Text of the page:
To try and claim that Manchester United’s start to life under Jose Mourinho has been anything more than poor is optimistic. After seventeen matches, Mourinho’s men have earned the equivalent of just 30 points, sitting in eighth place in the Premier League and third in the Europa League group stages. United needs to be successful in one of those competitions to achieve the absolute minimum goal of Champions League qualification. While Mourinho’s men are showing the signs of improvement, results must change, or there will be a price to pay later in the season.
Many fans are blaming Jose Mourinho for United’s problems because he has been hired to sort the issues that have plagued the side since Sir Alex Ferguson departed. While he hasn’t done that yet, he has made some good decisions, showed intent and motivation and learned lessons that previous managers didn’t. That being said, he has made (and is making) mistakes, and the problem is that the margins of error are much thinner than they were last year, when United went winless for over a month and still only lost Champions League football on goal difference.
The biggest mistake Mourinho has made is failing to clear out the squad. I was delighted with United’s business over the summer, in terms of players coming in. Now, United has a group of players who are hindering the system, and they are on the pitch too often. The likes of Marouane Fellaini and Wayne Rooney make United stagnant whenever they play in midfield, and when Rooney is up front, Marcus Rashford can only find games out wide. Phil Jones has been a liability without playing a single minute of football, because now United has two very left-footed defenders in the side. Jesse Lingard, Ashley Young, Anthony Martial and Memphis are the only natural wingers in the squad, and three aren’t up to scratch when it comes to starting matches.
Mourinho didn’t give Henrikh Mkhitaryan a chance to play in the side when the rest of the team was gaining fitness, and now he is clearly struggling for it. Perhaps he could play narrowly and interchange with Juan Mata, in similar fashion to Lingard, but Mourinho still doesn’t seem to know how to use his best players in the same side, nor does he have backup options of enough quality. Much like last season, the inclusion of Rooney in the squad before his disappointment has left the side very thin.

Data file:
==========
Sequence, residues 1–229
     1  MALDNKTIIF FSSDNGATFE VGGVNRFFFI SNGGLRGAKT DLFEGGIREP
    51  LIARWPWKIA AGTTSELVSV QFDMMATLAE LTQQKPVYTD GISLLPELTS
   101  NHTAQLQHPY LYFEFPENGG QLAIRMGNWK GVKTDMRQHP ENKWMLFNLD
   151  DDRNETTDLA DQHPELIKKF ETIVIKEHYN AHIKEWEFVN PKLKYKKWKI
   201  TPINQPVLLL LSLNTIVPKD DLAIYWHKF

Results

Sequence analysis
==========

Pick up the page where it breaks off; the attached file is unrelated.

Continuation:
In addition, Mourinho is failing to rotate the squad. United is yet to win a Premier League match on the weekend after Europa League football. Against Fenerbahce, the same back four and Marcus Rashford kept their places in the side, failing to give other players a chance to impress. Paul Pogba, who didn’t need to play the game with Mkhitaryan raring for a chance in the centre of the pitch, was deployed and sustained an injury.
With United’s first team not performing efficiently, the players who could step up and earn their places are not being given the chances. Those who are rotated into the side, Rooney and Fellaini the only ones added with regularity, are blocking opportunities that could be given to the likes of Morgan Schneiderlin (who is experiencing similar problems to Mkhitaryan).
In addition, one thing Louis van Gaal did very well was allocating the squad in order to give opportunities to youth. Mourinho has not done the same, and when presented with opportunities to do so, he has not. No player from the U23’s has debuted this season, competitively. This not only hurts the long-term vision but also hinders the incentive for the youth reserves to perform and develop, considering all the promising ones from last season are now out on loan. Youth players got van Gaal out of jail a few times last season, and with Mourinho’s apparent reluctance to use them, there could be problems.
All that being said, there are no excuses for the way United’s playing staff has performed in the given circumstances. Zlatan Ibrahimovic is carried on the pitch with the hope that he’ll finish chances, and he has not done that. Chris Smalling, United’s main captain as Rooney sits out, has been poor at best.
Those are the greatest examples, but even overall, only eight players have met the expectations of a United player this season (David de Gea, Antonio Valencia, Eric Bailly, Daley Blind, Ander Herrera, Juan Mata, Paul Pogba, Michael Carrick), and while some others have excuses, nobody has stepped up. Excuses do not win a Premier League. When United won the treble in 1999, players were there to step up and fill the vacancies in the Champions League final, without Roy Keane and Paul Scholes. The same personalities and performances are currently not present at United at all, and the players who could emerge as those personalities are not being given the necessary opportunities.
To conclude, Mourinho is not doing the best job he can at United, but no manager can perform well if the players aren’t doing their best either. Pep Guardiola is a great example, because now, regardless of all the praise, he is struggling to have the same domination at Manchester City that he had at his other clubs. A man is limited by what he has at his disposal, and Mourinho’s staff at Manchester United has not performed so far.
Louis van Gaal and David Moyes had deficiencies and were much worse, but the players were also not present when they were at the helm, which is shown by the drop-off in performances post-Ferguson. This is an adjustment that has to be made, and will take time, but as players find their feet, the situation will only get better at United. This is a club for the vision, a club that sees beyond a season, which is a concept we have forgotten of late.